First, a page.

Tuesday, January 31, 2012

Ginger Ale and Warm Tea

But goodness, last week saw a lot of lying around.

The week started as a party (Eden's fifth birthday!)

and quickly turned into a plague.

After his nap on Sunday, Gideon (23 mos.) was throwing up. 9x in 4 hours, for those of us counting. Wait, there was only one counting?

The next day, it was Abraham (6).

I referenced the torn "Bland Diet" page taped to the inside of my cupboard and readied the ginger ale and warm tea.

I emailed Ethan at work and asked him to please pick up some holds we had waiting at the library. It turns out one of the holds was a "kit" with a children's book and an accompanying stuffed animal. Correct me if I'm wrong, but doesn't it seem to be an incredible oversight to lend out an item that could possibly be sneezed on, thrown up on, dropped in the toilet, and then plopped back into the gallon storage bag with its book and returned to the library?

We didn't do any of that.

But how would you know?

And how do I know where that thing had been before us? I'm not a stuffed animal fan under the best of circumstances, but the library can keep this city's germs to itself from now on, is all I'm saying.

Then Monday night, Jonathan (3) was sick. We plopped his mattress on the floor on my side of the bed so I could holler, "Use the bowl!" when he started to get sick. This was rather inconvenient, as that was the night that I also got sick, and having his mattress as an extra hurdle on the way to the bathroom proved almost deadly to him a few times.

Then Benjamin (10), then Miriam (6), then Jonathan AGAIN.

Ethan went to check on some room-cleaning progress, and found this:

So, yes. Next was Eden (5). We were so thankful to have the bed still set up in the sitting room/guest room/whatever it is now. The sick children would rest in there, and the others could play without disturbing them.

The entire week, Ethan had meetings every night. He would call on the way home and ask if I needed anything. The answer was always the same: "More ginger ale!"

Sunday night, after his evening sermon (from which the rest of us stayed home), he and I sat on the couch and breathed a sigh of relief. The terrible, horrible, no good, very bad week was over. The meetings were over, the towels were all clean, and the bowls were bleached and returned to their regular cupboards.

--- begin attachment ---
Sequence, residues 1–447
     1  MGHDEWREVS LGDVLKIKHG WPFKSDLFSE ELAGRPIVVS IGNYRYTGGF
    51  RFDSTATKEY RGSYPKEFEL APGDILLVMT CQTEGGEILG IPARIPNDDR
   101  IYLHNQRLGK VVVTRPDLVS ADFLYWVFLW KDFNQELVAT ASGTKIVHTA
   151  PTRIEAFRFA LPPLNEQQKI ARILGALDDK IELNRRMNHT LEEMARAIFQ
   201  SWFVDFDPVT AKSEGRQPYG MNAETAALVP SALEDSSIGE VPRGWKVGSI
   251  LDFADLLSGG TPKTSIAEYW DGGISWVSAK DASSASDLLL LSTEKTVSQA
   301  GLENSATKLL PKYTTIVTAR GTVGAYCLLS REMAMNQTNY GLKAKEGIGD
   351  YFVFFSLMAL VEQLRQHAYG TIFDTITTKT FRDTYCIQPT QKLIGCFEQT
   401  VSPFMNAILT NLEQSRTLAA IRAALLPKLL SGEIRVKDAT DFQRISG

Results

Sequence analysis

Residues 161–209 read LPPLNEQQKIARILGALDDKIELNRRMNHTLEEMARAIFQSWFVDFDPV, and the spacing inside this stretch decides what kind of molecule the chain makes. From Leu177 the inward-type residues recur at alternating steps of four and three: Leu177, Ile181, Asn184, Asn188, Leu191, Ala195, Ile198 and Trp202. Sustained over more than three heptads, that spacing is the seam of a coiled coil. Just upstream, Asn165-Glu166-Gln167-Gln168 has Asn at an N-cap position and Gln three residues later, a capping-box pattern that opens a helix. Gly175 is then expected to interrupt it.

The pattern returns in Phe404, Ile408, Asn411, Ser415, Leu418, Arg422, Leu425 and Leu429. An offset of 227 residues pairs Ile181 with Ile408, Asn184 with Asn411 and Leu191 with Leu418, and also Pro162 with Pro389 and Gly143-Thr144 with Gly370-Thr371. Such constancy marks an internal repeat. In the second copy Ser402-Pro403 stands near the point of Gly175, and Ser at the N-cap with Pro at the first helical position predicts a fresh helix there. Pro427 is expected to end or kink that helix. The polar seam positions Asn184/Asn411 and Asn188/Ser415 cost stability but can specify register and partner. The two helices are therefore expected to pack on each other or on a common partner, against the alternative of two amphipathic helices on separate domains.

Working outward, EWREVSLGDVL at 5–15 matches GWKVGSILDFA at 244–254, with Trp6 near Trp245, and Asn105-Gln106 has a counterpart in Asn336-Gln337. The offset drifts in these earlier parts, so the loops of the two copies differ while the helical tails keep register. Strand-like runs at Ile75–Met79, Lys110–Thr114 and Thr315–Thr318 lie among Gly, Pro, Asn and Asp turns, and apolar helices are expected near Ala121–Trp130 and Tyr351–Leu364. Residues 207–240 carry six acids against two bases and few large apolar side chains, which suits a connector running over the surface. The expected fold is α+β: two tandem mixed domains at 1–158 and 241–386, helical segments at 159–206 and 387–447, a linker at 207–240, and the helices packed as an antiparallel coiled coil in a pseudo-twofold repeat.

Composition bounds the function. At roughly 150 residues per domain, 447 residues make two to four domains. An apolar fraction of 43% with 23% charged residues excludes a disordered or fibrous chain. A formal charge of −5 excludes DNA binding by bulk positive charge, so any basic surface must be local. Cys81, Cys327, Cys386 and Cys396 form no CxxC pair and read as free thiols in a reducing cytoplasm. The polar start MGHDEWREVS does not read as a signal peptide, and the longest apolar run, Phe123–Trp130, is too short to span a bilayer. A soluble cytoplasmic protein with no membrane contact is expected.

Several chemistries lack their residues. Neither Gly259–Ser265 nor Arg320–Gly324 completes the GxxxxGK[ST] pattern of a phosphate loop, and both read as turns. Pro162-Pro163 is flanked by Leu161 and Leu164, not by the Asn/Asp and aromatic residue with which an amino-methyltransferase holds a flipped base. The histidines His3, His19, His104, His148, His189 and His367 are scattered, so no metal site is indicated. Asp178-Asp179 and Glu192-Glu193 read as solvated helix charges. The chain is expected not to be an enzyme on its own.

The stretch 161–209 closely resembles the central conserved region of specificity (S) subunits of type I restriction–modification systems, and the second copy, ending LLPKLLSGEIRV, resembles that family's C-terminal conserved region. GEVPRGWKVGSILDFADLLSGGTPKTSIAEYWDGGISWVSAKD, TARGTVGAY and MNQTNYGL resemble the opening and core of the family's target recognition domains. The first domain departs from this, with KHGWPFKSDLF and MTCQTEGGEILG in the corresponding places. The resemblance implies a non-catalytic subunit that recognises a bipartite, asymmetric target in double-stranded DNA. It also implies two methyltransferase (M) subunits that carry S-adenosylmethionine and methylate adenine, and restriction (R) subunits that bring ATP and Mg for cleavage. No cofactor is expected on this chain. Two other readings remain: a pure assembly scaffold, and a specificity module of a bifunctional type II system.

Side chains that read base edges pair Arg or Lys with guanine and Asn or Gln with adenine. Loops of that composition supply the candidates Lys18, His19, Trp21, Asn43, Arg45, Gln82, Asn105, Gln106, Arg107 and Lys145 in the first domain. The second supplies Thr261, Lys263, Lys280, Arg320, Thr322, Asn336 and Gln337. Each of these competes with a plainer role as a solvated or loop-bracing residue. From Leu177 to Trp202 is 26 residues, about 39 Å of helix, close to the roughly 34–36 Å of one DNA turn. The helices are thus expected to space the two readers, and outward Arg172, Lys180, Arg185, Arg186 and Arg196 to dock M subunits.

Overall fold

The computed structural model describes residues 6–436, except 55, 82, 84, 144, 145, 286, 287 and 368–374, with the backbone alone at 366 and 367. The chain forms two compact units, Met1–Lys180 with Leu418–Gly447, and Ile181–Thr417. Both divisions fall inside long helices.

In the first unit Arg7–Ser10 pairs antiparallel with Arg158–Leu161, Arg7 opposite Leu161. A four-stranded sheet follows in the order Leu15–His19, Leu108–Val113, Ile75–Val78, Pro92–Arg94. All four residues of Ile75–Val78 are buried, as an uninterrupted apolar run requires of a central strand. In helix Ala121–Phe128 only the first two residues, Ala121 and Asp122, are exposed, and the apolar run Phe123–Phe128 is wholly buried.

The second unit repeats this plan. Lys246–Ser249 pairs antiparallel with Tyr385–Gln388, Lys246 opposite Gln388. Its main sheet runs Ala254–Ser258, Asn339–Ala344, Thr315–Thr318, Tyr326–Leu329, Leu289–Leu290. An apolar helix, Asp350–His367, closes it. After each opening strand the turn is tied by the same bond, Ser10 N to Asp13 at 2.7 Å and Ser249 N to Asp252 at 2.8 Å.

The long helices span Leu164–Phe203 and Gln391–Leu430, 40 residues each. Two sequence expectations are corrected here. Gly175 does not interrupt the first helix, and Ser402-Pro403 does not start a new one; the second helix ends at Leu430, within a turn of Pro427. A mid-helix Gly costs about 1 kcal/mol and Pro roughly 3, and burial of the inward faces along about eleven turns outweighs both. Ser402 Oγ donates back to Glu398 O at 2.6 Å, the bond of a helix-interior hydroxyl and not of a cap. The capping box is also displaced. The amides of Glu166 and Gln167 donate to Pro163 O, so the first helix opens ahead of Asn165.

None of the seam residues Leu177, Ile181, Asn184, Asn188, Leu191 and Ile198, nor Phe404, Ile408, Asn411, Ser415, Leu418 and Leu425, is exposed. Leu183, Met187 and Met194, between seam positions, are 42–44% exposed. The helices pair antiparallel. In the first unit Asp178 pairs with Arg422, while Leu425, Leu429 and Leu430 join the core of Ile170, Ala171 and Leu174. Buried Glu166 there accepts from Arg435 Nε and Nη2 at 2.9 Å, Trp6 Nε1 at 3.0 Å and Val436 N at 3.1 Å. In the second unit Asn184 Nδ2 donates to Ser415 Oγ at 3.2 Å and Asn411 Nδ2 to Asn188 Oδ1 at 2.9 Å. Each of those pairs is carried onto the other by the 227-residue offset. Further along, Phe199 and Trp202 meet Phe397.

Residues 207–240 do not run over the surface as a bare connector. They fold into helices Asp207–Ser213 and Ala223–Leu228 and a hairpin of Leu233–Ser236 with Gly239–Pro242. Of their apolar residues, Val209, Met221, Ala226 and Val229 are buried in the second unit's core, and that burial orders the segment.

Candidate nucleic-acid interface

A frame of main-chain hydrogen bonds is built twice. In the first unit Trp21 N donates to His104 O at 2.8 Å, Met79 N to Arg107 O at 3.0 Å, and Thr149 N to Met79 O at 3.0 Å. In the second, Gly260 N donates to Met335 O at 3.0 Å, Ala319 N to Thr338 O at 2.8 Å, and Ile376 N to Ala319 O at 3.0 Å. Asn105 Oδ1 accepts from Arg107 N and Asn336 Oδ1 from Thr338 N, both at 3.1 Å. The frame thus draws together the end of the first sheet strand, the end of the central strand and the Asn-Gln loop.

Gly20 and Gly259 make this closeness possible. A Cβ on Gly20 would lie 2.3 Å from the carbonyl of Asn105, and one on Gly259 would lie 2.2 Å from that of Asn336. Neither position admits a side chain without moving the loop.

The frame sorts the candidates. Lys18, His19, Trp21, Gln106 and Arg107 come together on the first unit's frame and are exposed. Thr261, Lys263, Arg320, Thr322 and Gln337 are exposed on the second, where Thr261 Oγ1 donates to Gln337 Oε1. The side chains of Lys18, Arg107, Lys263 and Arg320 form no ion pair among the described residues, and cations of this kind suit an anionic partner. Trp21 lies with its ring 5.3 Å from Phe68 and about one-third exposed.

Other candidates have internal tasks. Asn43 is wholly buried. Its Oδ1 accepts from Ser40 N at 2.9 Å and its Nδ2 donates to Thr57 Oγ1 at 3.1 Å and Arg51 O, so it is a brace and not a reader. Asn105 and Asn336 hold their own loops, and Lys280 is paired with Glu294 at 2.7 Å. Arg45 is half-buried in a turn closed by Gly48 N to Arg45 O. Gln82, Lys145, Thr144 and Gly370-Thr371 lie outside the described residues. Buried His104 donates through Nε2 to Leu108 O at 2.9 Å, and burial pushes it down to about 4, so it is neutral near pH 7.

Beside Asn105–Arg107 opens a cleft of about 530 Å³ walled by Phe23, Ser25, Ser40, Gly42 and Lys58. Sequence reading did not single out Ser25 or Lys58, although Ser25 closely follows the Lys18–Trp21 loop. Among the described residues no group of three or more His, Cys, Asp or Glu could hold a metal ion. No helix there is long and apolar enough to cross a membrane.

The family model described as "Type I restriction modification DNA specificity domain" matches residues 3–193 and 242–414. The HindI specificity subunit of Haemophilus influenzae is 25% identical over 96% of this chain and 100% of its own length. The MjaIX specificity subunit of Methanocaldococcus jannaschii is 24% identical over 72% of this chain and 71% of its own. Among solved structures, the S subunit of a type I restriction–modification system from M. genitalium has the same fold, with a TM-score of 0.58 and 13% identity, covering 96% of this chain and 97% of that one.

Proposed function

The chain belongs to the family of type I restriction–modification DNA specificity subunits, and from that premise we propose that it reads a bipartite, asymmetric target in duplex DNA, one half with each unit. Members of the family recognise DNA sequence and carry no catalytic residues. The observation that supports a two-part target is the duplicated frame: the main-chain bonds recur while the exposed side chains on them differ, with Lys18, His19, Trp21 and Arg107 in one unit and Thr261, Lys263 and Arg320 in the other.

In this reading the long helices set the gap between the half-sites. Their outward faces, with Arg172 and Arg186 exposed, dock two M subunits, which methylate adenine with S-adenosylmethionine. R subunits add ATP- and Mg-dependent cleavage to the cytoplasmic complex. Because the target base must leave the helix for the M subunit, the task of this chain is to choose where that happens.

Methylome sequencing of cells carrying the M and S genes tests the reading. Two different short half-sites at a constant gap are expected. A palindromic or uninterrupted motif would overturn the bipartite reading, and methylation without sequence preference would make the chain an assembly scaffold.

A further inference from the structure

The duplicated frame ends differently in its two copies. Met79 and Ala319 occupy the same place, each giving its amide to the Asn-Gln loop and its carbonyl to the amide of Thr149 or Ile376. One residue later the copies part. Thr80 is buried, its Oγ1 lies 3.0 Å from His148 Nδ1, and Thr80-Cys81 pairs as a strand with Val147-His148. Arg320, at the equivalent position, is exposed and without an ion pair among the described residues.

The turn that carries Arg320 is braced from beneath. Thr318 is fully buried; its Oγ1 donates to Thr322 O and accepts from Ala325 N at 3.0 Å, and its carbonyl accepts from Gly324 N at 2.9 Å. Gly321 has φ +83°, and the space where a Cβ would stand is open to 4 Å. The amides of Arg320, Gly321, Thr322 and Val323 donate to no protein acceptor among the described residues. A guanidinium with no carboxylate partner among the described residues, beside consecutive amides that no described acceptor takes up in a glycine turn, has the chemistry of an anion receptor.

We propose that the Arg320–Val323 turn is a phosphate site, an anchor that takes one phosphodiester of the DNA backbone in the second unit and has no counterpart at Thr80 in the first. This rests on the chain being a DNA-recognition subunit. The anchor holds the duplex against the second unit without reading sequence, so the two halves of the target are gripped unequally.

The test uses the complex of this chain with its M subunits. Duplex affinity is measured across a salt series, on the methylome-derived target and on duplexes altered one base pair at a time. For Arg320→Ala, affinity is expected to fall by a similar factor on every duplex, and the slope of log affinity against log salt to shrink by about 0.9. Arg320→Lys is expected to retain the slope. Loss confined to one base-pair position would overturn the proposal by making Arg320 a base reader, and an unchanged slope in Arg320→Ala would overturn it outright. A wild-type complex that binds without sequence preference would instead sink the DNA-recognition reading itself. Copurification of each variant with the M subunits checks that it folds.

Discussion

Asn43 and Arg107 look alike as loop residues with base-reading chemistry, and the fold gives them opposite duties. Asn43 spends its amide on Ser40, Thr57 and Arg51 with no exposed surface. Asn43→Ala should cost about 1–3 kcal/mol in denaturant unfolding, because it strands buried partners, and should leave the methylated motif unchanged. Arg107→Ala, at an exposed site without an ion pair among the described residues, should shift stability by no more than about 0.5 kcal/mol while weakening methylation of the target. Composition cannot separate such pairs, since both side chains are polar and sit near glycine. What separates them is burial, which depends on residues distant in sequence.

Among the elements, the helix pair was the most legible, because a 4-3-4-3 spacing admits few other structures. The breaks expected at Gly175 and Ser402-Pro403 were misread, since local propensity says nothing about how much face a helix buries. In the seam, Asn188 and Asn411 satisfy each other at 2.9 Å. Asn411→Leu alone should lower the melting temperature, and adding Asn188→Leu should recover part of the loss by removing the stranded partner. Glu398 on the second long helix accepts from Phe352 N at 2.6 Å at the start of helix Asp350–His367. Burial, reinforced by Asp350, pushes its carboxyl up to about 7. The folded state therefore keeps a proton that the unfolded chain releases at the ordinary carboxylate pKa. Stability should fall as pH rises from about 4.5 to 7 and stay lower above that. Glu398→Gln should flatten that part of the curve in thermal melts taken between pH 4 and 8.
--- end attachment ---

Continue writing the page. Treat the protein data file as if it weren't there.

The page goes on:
I went to bed happy.

I woke up to Miriam standing on my side of the bed. "I went into the sitting room and saw PAPA on the sick bed!"


So yesterday Ethan had his share of warm tea, ginger ale, chicken barley stew, and yogurt.

I'll not make the mistake (again) of saying we're done. After all, there are two more children in this house (Lily [8] and Salem [23 mos.]), and there is always the chance that one of the previous patients could suffer a relapse.

I'll just go about fixing breakfast (French toast - this recipe but typical shape), making coffee (iced today, the high is 63!), switching laundry, and getting the kids started on seeds: starting some in eggshells and sprouting others. We'll also gather eggs, do some school, and spend much of the day outside (once it hits 50). Lily has her friendship bracelet to work on, and I've got my knitting.

And quite possibly, the day might also involve bleach and ginger ale and warm tea.

But really? It shouldn't bother. We've been there and done that; and quite honestly, we can stomach not stomaching things, and it takes more than a tummy upset to upset us.

Tuesday, January 24, 2012


My children seem to have joined the ranks of those who are down with some stomach bug. Never ones to follow the trends, my husband and I are a little perplexed by this blatant kowtowing to peer pressure.

So far it has only been Gideon (23 mos.) and Abraham (6). But I've been around the ward long enough to know it probably won't end there.

We are following the usual course of black tea, activated charcoal, toast, and ginger ale. Of course, there has also been a seemingly endless stream of "Sing-Along Songs" videos and "The Head and the Heart" on youtube, and the coveted vintage milk glass children's mugs have been pulled out for those convalescing.

What surprises me -- delights me, really -- is the special care that the others are lavishing on the couch-ridden ones. They fetch electrolyte popsicles, refresh ginger ales, and ask, "Do you need a blanket?" while rubbing their heads every time they pass.

And they go further. They change out retch bowls, bring the fan to air out the room, and read story after story after story.

Of course this would happen while Ethan has some meeting to attend every night of the week. But even that is manageable. I don't know if it's some strange kind of denial or simply maturing (that sounds better than "aging"), but sickness doesn't throw me so much anymore. I used to be all bent out of shape, fervently worried for the sick one(s) and unable to sleep except in fits and starts. Last night? I slept better than I have in weeks. I woke this morning to Gideon being sick in his bed, cleaned him up, washed his bedding, and aired out the room. What would I have done differently if I hadn't slept? Well, probably nothing except hollered to Ethan, "Please get up! If I have to deal with this, so do you!"

I'm not saying I'm any kind of hero. (I have too many witnesses to the opposite.) And I'm not saying I'd be a rock if we were dealing with anything truly serious, such as something permanently debilitating or life-threatening. I am saying I know none of this is my doing, and the grace of God through my children astonishes me always.

I'm saying I'm thankful. I'm thankful for a husband with a gentle sense of humor that keeps everyone giggling, even those of us sick and tired. I'm thankful that God has given me children with a natural tenderness I do not possess. In fact, right now it's 47 minutes past when Ben (10) and Lily (8) should be in bed, but they are keeping Abe company as he listens to Mr. Popper's Penguins on CD in the guest room. I can't help but think some kind of sweet memories are being made in there, sort of like those I have of my mother making up stories about a squirrel named Rachel when I was sick.

And I know I'll probably pay for my leniency later this week when others come down with it; but after all, they are building their immune systems.